For a moment I thought he wasn’t going to reply. Then he said, «To your new home.»
Soon we turned onto a street that seemed as broad as the whole village of Yoroido. I could hardly see the other side because of all the people, bicycles, cars, and trucks. I’d never seen a car or a truck before-except in photographs.
After a long time the rickshaw turned down an alley of wooden houses. We stopped and Mr. Bekku told me to get out. There in the doorway stood the most beautiful woman I’d ever seen, wearing a kimono more perfect than anything I’d ever imagined. It was water blue with white lines that curled like the current in a stream when she moved. It was pure silk. And her clothing wasn’t the only extraordinary thing about her; her face was painted a kind of rich white, like a cloud lit by the sun.
This was Hatsumomo. I didn’t know it then but she was one of the most famous geisha in Gion. She was a tiny woman; even with her black, shiny hair up high she came only to Mr. Bekku’s shoulder.
«Mr. Bekku,» said Hatsumomo. «What is that strong smell of fish? Could you take the garbage out later, please. I want to pass by.»
There was no garbage there; she was talking about me.
Mr. Bekku led me past Hatsumomo into the small, elegant house. It was built up on stones, with enough space under it for a cat to crawl under. Inside, the hall had a wooden floor that shone in the yellow light of electric lamps. A door slid back and a woman came out, smoking a pipe.
«This is the new girl, Mrs. Nitta,» said Mr. Bekku.
«Ah, yes. The little fish girl,» said the woman. «Come closer, I want to have a look at you. Heavens! What amazing eyes! You’re a beautiful girl, aren’t you?»
She spoke with the same peculiar accent as Mr. Bekku and Hatsumomo. It sounded so different from the Japanese spoken in my village that I had a hard time understanding her. I couldn’t look at her, so I kept my eyes down on the wooden floor.
«There’s no need to worry, little girl. No one’s going to cook you. My name is Mrs. Nitta and this is the Nitta okiya.»
I raised my eyes a little. Her kimono was yellow, with smooth, brown branches carrying lovely green and orange leaves. It was made of the most beautiful, delicate, thin silk. Then I raised my eyes higher and almost cried out in shock. The colors of her face were all wrong. Her eyelids were red like meat and her gums and tongue were gray. I later learned that this was due to a problem with her diet, but at the time I just stared in horror.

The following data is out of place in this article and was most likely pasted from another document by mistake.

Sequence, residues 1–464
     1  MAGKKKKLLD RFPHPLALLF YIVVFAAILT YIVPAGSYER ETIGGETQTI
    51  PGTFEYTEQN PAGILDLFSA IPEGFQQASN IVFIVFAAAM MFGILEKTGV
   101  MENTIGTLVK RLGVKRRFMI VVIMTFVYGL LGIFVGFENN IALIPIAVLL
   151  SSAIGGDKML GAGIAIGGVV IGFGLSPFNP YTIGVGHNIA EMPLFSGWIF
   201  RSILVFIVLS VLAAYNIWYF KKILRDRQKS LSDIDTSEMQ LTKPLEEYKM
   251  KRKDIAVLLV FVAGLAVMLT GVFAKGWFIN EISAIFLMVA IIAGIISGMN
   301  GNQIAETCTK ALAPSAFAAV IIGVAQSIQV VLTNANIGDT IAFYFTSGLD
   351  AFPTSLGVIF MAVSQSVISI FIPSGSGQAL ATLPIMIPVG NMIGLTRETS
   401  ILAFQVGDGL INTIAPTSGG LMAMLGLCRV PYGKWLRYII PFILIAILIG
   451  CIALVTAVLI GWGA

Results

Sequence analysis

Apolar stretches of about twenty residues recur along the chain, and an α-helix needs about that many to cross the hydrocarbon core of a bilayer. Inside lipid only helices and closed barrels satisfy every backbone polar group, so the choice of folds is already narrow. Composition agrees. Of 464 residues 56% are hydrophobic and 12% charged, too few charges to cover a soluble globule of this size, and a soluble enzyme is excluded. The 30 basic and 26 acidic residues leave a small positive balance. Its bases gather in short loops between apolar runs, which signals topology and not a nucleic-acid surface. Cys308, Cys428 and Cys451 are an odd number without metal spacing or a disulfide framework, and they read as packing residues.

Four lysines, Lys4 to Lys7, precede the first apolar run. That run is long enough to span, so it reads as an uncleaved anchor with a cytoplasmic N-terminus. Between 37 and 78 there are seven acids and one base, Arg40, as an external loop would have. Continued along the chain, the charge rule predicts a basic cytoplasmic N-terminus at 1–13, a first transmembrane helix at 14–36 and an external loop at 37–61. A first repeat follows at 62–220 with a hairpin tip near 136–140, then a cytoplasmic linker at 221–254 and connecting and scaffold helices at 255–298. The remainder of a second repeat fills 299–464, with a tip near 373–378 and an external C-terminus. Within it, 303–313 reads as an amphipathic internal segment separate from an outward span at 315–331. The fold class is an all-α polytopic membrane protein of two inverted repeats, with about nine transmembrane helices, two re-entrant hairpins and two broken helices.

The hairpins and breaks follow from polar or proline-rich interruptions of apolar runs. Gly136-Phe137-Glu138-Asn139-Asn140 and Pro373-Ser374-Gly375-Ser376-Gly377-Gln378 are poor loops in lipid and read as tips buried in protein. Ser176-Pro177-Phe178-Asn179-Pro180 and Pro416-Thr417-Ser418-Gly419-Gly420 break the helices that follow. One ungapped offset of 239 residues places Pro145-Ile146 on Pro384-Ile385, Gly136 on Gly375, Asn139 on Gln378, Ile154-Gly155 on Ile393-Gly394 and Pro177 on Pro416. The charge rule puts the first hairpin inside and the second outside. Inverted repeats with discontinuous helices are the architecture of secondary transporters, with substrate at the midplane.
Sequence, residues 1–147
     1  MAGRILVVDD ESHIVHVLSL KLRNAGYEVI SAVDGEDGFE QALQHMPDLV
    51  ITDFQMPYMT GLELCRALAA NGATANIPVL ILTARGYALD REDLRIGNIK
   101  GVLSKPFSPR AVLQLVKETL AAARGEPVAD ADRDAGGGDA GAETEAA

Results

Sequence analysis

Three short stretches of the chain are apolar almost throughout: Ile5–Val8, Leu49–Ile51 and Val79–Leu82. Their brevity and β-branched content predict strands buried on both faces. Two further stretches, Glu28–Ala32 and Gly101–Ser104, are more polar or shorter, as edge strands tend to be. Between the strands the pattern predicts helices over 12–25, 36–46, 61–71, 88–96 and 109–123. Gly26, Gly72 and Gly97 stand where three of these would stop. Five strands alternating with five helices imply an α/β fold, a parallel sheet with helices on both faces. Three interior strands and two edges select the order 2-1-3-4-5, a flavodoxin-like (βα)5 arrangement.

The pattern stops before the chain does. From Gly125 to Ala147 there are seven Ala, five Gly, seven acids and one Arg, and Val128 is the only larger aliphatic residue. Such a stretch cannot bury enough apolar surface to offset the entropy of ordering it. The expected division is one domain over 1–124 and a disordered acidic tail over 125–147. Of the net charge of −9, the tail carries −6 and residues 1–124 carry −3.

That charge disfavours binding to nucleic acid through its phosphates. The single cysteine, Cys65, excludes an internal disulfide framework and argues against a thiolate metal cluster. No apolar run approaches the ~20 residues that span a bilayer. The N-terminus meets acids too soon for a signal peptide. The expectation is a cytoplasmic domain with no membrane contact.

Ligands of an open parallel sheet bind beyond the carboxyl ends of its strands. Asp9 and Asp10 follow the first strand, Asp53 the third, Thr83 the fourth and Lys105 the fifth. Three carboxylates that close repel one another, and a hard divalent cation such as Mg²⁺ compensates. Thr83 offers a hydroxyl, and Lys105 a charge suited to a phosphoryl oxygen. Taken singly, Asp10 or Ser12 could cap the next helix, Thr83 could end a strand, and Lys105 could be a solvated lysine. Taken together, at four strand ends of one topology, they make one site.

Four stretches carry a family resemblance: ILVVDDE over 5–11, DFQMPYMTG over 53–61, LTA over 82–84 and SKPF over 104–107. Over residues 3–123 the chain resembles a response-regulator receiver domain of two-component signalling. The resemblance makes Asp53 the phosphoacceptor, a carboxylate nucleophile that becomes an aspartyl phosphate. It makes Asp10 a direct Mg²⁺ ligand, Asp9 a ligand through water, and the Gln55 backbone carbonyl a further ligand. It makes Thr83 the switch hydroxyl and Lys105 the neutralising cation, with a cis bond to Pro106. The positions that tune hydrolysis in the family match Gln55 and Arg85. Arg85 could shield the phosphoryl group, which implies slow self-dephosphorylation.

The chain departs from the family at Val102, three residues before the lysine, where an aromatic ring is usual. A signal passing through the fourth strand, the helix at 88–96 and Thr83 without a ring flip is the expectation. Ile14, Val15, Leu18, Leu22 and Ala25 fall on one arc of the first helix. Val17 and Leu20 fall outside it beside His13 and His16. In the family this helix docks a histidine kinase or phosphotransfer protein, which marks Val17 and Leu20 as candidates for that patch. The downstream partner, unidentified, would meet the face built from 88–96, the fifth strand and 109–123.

«What are you looking at?» said Mrs. Nitta, as smoke from her pipe rose from her face.
«I’m very sorry, ma’am. I was looking at your kimono,» I told her. «I don’t think I’ve ever seen anything like it.»
This must have been the right answer-if there was a right answer — because she laughed, though the laugh sounded like a cough.
«So you like it, do you,» she said, continuing to cough or laugh, I didn’t know which. «Do you have any idea what it cost?»
«More than you did, that’s certain.»
A young girl came out into the hall, carrying a wooden bucket full of water. She was a little older than me, thirteen or fourteen. Her body was thin, but her face was round. Even when she was a geisha in Gion many years later, everybody called her Pumpkin.
«Ah, Pumpkin,» said Mrs. Nitta. «Get the little fish girl clean and get her out of those peasant clothes.»
«Yes, ma’am,» said Pumpkin.
She led me through the hall to a courtyard in the back. The bucket was heavy for her and when she put it down half the water spilled out over the dirt floor.
«Where on earth did you come from?» she said.
I didn’t want to say I’d come from Yoroido. Pumpkin’s accent was as strange to me as everybody else’s. I was sure she wouldn’t know where Yoroido was. I said instead that I’d just arrived.
«I thought I’d never see another girl my age,» she said to me. «Why are your eyes that color?»
I didn’t answer that, but took my clothes off so Pumpkin could wash me with a cloth she took out of the bucket. After that, she went to a room in the courtyard and got me a kimono. It was made of rough cotton in a simple dark blue pattern, but it was certainly more elegant than anything I’d worn before.
«I don’t even want to know your name yet,» said Pumpkin. «I have to learn new names all the time. Mrs. Nitta didn’t like the last girl who came and she was only here a month.»
«What will happen if they don’t want to keep me?»
«It’s better for you if they keep you.»
«Why? What… what is this place?»
«It’s an okiya. It’s where geisha live. Our geisha is called Hatsumomo and we look after her and do everything for her. She earns all the money for the okiya. If you work very hard, you’ll grow up to be a geisha yourself. But it takes years of training.»
I had a sudden image in my mind of my poor, sick mother in bed, pushing herself up on one elbow and looking around to see where I’d gone. Tears came into my eyes before I could think how to stop them.